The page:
Fiction and true events
Fiction and true events.
Someone asked me once — “How much of your fictitious novels actually contain real life circumstances?”
Of course, I can’t speak for other authors, but I would suggest a tremendous amount of fiction is based upon true events, circumstances and characters.
My last novel, “Ashes on the Lake” instituted a remote mountain setting similar to many I’ve trekked while back-packing isolated areas of the Pacific Northwest. The description of crystal clear Eagle Lake — the chilling hoots of the horned owls — the creation of primitive rafts — basking in the firelight toasting shooting stars — even the acquaintance of Davy, the mysterious keeper of the lake — all were based upon past personal experiences.
When one pauses to consider such things it’s almost eerie in and of itself. At the time those encounters were perceived as natural events. No thought was considered as to how they may affect future actions. But, now many of those occurrences have been unexpectedly passed on in writing allowing others to experience them through their mind’s eye.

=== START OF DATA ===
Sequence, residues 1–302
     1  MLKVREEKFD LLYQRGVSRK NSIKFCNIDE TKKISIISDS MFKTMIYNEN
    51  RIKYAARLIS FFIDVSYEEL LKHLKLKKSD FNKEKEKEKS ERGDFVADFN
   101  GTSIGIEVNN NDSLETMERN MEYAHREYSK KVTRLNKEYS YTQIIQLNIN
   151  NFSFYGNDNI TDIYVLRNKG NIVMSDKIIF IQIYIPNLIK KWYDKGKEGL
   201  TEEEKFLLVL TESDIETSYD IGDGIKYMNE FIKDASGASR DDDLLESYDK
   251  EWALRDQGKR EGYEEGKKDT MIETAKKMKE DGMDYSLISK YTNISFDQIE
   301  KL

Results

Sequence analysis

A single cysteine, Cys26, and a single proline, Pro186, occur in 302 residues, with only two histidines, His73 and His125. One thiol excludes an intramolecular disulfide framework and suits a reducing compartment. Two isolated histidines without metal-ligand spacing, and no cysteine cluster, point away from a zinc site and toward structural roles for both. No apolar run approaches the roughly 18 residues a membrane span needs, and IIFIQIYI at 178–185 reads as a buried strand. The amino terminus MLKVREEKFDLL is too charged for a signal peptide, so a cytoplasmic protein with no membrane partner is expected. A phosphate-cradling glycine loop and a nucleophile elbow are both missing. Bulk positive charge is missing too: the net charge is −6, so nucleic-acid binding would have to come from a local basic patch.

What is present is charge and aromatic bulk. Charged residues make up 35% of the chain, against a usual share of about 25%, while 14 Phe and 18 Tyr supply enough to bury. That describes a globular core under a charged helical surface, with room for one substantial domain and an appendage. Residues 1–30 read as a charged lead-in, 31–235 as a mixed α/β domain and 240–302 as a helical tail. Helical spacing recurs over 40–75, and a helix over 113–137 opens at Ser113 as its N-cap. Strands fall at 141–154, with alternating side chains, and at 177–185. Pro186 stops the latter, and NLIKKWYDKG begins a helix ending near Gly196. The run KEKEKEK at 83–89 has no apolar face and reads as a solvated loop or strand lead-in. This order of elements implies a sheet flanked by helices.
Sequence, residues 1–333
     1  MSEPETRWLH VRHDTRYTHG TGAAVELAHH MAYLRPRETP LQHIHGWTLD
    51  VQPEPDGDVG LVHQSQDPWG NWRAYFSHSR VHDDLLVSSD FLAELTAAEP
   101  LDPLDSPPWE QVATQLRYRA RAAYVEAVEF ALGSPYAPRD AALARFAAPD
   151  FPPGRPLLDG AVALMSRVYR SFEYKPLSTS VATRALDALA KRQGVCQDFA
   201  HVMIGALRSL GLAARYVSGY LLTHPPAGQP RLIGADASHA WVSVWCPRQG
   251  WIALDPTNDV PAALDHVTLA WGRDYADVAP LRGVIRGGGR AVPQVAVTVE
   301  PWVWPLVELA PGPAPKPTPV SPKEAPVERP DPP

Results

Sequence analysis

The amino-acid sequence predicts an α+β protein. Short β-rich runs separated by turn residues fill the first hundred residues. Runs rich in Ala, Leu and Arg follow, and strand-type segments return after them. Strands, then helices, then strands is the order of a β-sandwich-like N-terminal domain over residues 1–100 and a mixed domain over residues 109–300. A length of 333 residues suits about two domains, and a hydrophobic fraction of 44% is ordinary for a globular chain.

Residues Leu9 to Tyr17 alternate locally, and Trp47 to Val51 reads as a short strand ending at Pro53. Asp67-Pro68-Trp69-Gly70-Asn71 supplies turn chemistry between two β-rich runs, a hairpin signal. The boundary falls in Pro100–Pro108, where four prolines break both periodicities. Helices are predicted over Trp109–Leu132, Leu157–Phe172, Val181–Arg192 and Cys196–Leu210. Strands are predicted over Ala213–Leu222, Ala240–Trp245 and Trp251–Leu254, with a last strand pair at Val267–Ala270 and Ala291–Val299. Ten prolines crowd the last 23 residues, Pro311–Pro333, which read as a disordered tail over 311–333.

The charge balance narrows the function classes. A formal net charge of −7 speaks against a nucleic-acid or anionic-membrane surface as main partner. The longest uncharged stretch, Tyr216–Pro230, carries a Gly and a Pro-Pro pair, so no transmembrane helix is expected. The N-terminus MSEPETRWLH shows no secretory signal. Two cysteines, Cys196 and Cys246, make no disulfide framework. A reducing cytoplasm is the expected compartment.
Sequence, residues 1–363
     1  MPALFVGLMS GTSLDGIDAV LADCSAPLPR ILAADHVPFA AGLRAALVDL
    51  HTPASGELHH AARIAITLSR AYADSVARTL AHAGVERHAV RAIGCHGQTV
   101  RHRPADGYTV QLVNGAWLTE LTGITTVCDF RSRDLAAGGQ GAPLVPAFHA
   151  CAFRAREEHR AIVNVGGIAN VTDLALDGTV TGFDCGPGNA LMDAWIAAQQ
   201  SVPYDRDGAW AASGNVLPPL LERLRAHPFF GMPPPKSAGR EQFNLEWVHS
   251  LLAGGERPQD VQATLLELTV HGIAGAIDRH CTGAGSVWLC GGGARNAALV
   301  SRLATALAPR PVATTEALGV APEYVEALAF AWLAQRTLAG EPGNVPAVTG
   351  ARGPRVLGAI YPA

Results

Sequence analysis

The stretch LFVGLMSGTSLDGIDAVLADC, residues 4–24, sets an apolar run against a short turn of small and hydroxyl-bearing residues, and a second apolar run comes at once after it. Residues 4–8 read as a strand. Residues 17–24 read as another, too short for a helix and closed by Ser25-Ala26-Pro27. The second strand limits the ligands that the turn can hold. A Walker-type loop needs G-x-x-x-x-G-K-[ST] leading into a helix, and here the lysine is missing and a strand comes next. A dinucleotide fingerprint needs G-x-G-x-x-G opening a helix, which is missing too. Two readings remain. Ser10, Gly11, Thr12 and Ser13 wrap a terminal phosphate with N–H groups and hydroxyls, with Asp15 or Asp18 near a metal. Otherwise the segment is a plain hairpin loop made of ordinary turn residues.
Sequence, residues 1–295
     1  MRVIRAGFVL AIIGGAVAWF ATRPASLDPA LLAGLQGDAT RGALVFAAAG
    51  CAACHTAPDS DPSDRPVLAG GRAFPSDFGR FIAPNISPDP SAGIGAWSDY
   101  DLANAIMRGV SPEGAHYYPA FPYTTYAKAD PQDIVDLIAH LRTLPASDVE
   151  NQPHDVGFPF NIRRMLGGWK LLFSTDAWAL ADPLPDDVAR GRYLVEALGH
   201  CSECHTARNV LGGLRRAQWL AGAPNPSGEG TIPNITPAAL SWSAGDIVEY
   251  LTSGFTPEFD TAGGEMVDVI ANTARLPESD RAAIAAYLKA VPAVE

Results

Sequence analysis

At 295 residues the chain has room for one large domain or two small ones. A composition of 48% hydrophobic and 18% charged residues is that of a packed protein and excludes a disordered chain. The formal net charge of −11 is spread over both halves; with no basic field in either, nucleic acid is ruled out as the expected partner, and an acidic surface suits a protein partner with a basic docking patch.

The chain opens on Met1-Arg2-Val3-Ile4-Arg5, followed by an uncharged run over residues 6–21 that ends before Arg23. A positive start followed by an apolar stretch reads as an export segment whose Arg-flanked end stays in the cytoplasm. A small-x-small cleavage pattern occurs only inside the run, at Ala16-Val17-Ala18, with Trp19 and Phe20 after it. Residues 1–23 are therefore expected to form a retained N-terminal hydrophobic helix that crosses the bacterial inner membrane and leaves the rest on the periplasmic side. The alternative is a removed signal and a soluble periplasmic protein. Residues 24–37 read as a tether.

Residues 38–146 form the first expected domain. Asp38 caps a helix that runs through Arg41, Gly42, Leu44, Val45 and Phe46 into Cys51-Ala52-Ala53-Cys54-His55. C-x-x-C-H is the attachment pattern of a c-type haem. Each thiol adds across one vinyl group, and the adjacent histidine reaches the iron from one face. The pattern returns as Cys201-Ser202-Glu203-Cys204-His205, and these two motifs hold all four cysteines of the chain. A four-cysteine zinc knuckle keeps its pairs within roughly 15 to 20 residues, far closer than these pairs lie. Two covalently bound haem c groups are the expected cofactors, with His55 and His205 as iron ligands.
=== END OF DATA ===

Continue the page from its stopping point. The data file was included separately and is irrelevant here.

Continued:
So, even though “Ashes on the Lake” is a purely fictitious story, the settings and many of the events are a rehash of actual events. Further, some of the main characters actions, dialogue and physical appearances are attributed to friends and acquaintances as well.
Think on this for a moment. Who hasn’t met or been acquainted with a Sondra, the blonde, beautifully sexy attention whore and girl friend of the stereotyped somewhat chauvinistic Richard Fox? Tracy the fiancé’ of Corbin, Richard’s best friend is the chestier version of Sondra — loyal, beautiful in her own right, but often overlooked by others because of her higher IQ.
I’m sure you’ve known these characters at some point in your life. They’re not fictitious at all. Sondra, Richard, Tracy and Corbin may have unusual names, and slightly different appearances, but everyone of you know these characters.
So then, if the events of a story are based upon actual occurrences and the characters are uniquely familiar — where does fiction begin?
It begins in the imagination of the writer! Fiction is presented when the author takes familiar characters or events and weaves them into an unfamiliar story line.
Unique and well written stories suck the mind of the reader into an emotional involvement with believable settings and characters. While immersed in such story lines, the characters and events magically turn non-fiction keeping the reader on a plane of reality until the very end.
How much fiction is based upon true events? Ask your local author.
Thanks for visiting,